Atrial Fibrillation Treatment Improves Patient Outcomes

Atrial fibrillation (AFib) is a condition where the heart beats irregularly. Until recently, doctors didn’t think AFib required treatment because it’s not life-threatening. 

But recent research has shown that people with untreated AFib have a higher risk of: 

  • Dementia
  • Heart failure
  • Stroke 
  • Early death

Treating Atrial Fibrillation (AFib)

Studies have shown that treating AFib reduces the risk of: 

  • Enlargement of the heart 
  • Blood clots
  • Hospitalization 
  • Mortality

Atrial Fibrillation (AFib) Treatment Options

Two treatment options that can help patients maintain a regular heartbeat are:

  1. Antiarrhythmic medication
  2. Catheter ablation 

Each treatment comes with benefits and risks. The heart team at University Health can help patients decide which option is best for their circumstances and overall health. 

Antiarrhythmic Medication for Atrial Fibrillation

Dr. Alejandro Velasco De La Cuesta is a cardiac electrophysiologist at University Health. Cardiac electrophysiologists specialize in the electric activity of the heart. 

“Antiarrhythmic drugs are daily medication for patients who don’t want catheter ablation,” Velasco says. 

Antiarrhythmic medications have a 70% success rate at preventing AFib symptoms or arrhythmia recurrence. “These medications tend to work well, but they can have side effects,” Velasco says. “Some people find them hard to take for many years.”

Catheter Ablation for Atrial Fibrillation

Catheter ablation is a medical procedure and most times has a higher success rate than antiarrhythmic medication.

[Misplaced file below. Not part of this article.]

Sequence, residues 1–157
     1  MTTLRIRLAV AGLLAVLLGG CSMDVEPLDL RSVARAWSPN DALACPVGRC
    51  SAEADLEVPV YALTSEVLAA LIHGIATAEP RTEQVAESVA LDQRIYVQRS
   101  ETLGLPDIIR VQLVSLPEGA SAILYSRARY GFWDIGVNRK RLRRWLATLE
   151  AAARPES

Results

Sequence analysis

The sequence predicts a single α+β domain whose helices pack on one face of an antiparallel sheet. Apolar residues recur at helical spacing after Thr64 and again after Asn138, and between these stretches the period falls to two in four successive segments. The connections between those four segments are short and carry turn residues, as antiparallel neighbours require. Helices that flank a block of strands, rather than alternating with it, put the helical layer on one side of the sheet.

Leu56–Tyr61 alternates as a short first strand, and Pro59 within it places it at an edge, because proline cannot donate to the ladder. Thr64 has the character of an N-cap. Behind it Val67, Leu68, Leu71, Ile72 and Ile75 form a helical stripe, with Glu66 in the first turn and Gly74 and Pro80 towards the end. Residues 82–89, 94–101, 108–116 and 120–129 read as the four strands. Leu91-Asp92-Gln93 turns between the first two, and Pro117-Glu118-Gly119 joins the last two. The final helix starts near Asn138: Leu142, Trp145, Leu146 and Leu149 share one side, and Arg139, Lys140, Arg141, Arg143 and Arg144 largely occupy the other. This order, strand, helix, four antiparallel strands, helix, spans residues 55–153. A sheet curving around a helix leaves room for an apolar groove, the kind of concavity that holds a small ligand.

During this minimally invasive procedure, the patient undergoes general anesthesia. The cardiac electrophysiologist accesses the heart with a catheter inserted through the groin. 

The electrophysiologist creates a map of the heart to find areas that trigger AFib. Then they use heat to treat those areas to prevent the heart from going back into AFib. The heart team at University Hospital uses minimal or no radiation. This is safer for the patient and for hospital staff. Recovery time is short and patients go home next day and sometimes same day of the procedure.

“New data shows that ablation prevents the heart from remodeling in the wrong way,” Velasco says. “When the heart is in atrial fibrillation for a long time, it becomes enlarged. The longer in atrial fibrillation, the more difficult for the patient to get out of atrial fibrillation because their heart gets used to beating irregularly.”

Atrial Fibrillation Research at University Health

The heart team at University Health is researching better ways to treat atrial fibrillation. Learn more about heart care and clinical trials at University Health.

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